The importance of economic development as a base from which to build the strength and growth of the Indigenous people is of paramount and supreme importance. As history has shown us, the rise of great states, nations and people is built on the back of several key factors. These include cultural identity, strict code of law and conduct, military prowess and of course, for what will be discussed in this article, ideas and an economic base and prosperity. Economic development is the key for the development, empowerment and rise of the Indigenous people of this nation. With an economic base, we are able to build, create and nurture an environment from which we can forge our own destiny not reliant on the intervention of outside and foreign power, but rather a self sufficient system of internal power.
This is not to say we cannot work with others, trade with others or to say we will shut ourselves away. No, but rather we can sit as equals among others and dictate terms on our level rather than having these terms dictated to us, as is all too prevalent in this day and age. Like any power base, we must look to the economics as the fire from which will fuel our furnace and this economic development can begin with the investment in our youth, education and our ideas.
Ideas and knowledge as a base from which to build our economy is of paramount importance and can come in many forms. At present, the idea has been pushed onto us that the sport is indeed our salvation. We hold up our sporting icons as heroes, as the pinnacle of Aboriginal achievement, and while indeed we should take nothing away from these men and women who have risen above and beyond, they are but the tip of the iceberg in what we can accomplish as a people. While sport is fantastic in its ability to produce greatness, resilience and fortitude (great things can come from athletic pursuits), our communities should not only be producing athletes as our role models and who we see on our TV’s and in our news feeds every day, but holding up science, mathematics, literature and linguistics, art and civics (to name but a few) as our pursuits.
Our role models and cultural identity must be formed around the strength that these men and women exhibit and show as well. We have already conquered the pursuit of sport, we are some of the most naturally gifted athletes in the world – a fact we can truly be proud of – but now it is time to turn our attention to other endeavours as well. In our pursuit of economic power, we must begin to hold up these new pursuits and new heroes in these fields. After all, it is science, mathematics and civics which will truly leave a mark not only on ourselves and nation but on the rest of humanity. These men and women who dedicated themselves to these fields must be given recognition and risen up as role models for our youth. The ideas that they can exhibit will lead us towards the path of economic prosperity, which in turn will lead us to becoming a equal player, with equal respect at the table of domestic and international power.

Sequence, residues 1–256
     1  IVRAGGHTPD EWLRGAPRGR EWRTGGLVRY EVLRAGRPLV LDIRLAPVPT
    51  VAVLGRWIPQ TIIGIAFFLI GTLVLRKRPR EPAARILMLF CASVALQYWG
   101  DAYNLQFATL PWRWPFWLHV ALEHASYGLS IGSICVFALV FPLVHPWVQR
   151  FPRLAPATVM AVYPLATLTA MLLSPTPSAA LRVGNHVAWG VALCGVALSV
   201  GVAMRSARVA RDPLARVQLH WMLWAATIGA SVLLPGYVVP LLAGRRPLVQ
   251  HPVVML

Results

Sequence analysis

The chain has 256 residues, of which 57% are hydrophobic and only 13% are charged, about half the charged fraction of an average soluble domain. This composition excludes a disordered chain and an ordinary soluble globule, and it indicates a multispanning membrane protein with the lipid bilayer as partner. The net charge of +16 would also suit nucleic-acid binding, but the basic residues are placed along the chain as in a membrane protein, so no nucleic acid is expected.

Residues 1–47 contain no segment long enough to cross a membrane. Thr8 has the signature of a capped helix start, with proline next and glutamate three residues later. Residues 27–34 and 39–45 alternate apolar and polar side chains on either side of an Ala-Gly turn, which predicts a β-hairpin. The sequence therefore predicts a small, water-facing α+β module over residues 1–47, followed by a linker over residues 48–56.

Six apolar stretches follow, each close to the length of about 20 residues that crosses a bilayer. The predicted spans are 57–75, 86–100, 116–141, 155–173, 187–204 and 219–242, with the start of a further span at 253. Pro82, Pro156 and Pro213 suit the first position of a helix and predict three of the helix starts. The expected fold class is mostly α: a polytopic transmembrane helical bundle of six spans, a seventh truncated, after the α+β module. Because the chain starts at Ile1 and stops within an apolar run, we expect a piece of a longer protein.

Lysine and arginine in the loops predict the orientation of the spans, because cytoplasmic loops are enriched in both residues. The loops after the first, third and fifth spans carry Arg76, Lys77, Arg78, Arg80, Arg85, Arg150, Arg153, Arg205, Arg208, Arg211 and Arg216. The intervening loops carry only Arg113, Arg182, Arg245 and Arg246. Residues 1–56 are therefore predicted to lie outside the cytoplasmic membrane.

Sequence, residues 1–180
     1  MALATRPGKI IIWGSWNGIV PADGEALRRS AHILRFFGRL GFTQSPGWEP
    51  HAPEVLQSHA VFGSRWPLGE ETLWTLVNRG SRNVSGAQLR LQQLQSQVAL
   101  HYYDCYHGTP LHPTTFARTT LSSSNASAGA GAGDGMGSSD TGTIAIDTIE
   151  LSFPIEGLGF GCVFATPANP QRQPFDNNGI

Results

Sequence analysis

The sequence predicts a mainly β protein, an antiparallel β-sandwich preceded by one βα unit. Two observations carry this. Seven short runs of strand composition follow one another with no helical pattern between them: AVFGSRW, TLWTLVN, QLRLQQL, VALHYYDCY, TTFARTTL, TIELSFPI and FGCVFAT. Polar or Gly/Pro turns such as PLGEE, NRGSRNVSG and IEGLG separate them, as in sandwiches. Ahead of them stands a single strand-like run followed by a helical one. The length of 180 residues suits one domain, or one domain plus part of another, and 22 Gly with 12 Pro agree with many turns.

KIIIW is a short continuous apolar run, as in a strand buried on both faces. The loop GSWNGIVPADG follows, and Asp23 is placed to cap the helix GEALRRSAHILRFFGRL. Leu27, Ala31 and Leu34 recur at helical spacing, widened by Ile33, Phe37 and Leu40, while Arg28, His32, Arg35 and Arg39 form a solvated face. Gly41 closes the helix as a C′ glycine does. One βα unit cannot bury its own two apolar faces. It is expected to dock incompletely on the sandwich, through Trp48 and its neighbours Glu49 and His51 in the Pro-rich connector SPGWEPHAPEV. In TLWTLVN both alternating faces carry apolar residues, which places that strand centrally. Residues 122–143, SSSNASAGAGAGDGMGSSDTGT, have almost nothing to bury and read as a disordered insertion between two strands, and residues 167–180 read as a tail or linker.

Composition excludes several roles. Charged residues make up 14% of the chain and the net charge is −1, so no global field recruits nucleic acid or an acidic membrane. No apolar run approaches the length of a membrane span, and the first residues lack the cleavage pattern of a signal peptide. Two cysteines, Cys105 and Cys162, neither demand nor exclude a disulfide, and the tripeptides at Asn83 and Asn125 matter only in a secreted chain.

International powers around the world have built themselves into the positions they are in today because they are willing to stand together unified (a feat we still have not yet truly accomplished) and invest in themselves and ideas. As they have built their economies, prosperity has come to them as they build their own empires and states. We can learn from these examples. We can begin to look at investment in each other’s ideas, each others education and by each of us as individuals taking responsibility for the wellbeing and prosperity of our communities, whether we live in the outback or in the urban sprawl, we all have a responsibility and role to play in the empowerment and rise of our people.
As the world has provided the blue print for our success, it is time to look at our economic base, our ideas and our position within this society and ask ourselves, are we content with the mediocrity that has been handed to us? Our people were never destined for such a fate. With major socio-economic issues facing our people, it is all too apparent that the government does not care for our toils. We need not rely on them (as some of us seem to think we do), we need build ourselves up to the power house I know we have in us to be. However, the road to the top is fraught with hardship and peril and indeed we must be willing to do what is necessary to create our own pathways and legacy.